- What challenges is the company facing?
- What solutions have you tried without success?
- What must the organization achieve by year end to overcome them?
- What do you see as the biggest challenge for this position?
Demonstrate Understanding, Then Solutions
In an interview, it’s important that you demonstrate you understand the company and it’s key issues. When you restate what you’ve learned in the interview, it shows that you have been listening and comprehending what you have been told. This is when you start selling yourself as someone who can help. Don’t rush to provide your solutions before you make sure you understand the problems. Present yourself and skills too soon and, you could find yourself talking about skills that don’t apply to the company’s situation. Play the stated goals and challenges back to your interviewer to prove you’ve heard them and are tuned in to their plight. You then get to tailor your comments about your solutions directly in line with what your interviewer most desires for the position.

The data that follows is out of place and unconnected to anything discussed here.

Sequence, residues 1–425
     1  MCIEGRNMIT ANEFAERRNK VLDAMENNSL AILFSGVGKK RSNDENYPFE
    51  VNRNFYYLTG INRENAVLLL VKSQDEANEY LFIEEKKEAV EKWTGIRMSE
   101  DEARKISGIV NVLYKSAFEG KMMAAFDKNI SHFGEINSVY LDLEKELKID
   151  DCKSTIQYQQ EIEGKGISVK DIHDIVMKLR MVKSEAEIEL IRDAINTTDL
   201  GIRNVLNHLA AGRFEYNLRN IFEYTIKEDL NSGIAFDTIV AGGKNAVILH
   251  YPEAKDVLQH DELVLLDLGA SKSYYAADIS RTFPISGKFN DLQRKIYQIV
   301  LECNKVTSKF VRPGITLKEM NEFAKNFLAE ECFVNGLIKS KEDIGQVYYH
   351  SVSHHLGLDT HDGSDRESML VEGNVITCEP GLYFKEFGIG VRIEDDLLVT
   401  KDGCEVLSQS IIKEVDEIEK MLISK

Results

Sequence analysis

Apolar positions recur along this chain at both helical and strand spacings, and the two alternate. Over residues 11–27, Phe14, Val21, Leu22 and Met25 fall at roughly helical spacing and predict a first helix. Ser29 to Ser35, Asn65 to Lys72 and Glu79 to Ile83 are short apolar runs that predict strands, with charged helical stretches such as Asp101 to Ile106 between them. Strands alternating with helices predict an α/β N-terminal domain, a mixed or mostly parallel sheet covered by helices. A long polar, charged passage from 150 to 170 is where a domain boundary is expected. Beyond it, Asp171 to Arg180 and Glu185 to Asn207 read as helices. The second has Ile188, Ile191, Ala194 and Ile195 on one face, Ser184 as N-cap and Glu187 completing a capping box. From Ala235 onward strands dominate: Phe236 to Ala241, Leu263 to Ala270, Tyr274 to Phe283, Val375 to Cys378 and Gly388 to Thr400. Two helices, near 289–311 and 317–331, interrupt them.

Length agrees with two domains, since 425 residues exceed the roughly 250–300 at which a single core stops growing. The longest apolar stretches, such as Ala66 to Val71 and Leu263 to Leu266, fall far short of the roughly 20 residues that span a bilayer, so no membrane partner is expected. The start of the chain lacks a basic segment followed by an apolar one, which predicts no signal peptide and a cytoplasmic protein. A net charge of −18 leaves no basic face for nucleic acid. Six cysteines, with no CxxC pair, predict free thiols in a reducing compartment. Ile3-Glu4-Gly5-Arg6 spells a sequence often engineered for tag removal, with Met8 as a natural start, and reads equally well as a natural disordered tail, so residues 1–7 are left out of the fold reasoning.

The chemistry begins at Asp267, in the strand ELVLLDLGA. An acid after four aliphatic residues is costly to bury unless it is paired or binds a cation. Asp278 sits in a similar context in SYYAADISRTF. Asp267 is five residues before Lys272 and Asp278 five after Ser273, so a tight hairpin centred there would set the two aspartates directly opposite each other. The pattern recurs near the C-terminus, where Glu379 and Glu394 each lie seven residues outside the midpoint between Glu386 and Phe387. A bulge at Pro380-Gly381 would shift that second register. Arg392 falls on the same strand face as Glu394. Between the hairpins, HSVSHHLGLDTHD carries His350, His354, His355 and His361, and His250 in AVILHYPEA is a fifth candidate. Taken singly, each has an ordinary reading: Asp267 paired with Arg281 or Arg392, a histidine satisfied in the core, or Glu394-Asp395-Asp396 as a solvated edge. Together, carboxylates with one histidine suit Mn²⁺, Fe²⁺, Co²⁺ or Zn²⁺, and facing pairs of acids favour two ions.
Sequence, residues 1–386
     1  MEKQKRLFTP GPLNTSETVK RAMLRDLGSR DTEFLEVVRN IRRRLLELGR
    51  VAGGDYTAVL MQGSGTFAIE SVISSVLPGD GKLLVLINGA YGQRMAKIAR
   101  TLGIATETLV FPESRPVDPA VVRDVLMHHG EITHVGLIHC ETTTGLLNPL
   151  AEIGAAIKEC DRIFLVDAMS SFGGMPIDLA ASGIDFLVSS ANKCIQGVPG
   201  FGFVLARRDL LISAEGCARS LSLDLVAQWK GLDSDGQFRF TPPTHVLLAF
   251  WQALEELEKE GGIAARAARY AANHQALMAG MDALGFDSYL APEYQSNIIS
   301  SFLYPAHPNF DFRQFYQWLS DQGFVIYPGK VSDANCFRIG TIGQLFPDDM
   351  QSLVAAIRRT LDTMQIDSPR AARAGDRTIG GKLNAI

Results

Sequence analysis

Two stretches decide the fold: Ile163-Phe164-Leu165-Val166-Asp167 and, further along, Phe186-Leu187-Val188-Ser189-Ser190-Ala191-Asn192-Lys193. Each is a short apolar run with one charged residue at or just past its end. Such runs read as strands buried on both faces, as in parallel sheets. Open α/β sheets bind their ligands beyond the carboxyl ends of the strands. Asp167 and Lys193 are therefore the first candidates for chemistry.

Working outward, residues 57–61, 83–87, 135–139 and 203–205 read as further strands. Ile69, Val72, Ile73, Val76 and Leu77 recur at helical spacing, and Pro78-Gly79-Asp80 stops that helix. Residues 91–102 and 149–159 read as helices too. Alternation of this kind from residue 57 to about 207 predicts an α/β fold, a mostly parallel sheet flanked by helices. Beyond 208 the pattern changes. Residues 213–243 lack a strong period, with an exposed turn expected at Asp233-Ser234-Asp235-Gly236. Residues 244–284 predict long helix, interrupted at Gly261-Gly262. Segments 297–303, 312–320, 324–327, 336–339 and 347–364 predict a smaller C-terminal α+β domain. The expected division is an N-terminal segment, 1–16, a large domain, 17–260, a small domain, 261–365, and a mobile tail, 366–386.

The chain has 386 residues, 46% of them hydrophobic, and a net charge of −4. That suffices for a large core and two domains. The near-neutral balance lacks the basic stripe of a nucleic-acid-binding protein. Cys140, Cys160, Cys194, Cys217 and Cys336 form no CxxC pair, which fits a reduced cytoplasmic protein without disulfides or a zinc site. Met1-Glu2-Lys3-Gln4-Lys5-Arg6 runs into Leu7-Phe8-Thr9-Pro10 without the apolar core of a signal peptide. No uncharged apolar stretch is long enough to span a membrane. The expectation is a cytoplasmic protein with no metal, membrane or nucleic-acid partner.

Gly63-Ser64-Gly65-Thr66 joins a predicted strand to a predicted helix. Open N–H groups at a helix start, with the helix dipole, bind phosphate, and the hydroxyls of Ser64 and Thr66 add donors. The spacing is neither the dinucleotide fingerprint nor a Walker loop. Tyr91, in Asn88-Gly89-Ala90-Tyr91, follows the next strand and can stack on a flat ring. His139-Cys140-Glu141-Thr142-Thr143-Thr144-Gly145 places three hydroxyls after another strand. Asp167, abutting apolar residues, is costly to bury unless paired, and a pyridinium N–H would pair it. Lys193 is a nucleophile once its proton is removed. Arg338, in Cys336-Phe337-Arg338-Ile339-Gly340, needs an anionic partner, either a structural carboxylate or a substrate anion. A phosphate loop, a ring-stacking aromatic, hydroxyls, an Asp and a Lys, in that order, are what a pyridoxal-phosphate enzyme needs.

By the close of business that day, send your thank you email to your potential employer, repeating their goals and challenges to further illustrate your alignment with them. Then remind them of your conversation about your solutions and your confidence in how you can help move their company forward.
Try it and let me know how it goes! I wish you great success!
Your career, like it or not, is not in your control. Sure, you can be extremely competent and even praised by your superiors. But in the end, you need your direct reports to be successful in order for your career to thrive. No leader ever accomplished anything without people to lead. You need their vote, it’s that plain and simple. Realize the opportunity here, not the threat. Read more
“Good morning, boss, I’ve got an idea!”
“Yeah…well…sorry but we’ve eliminated your position.”
Yikes…blindsided by downsizing! What do you do? How do you go about it? Where is your head? Read more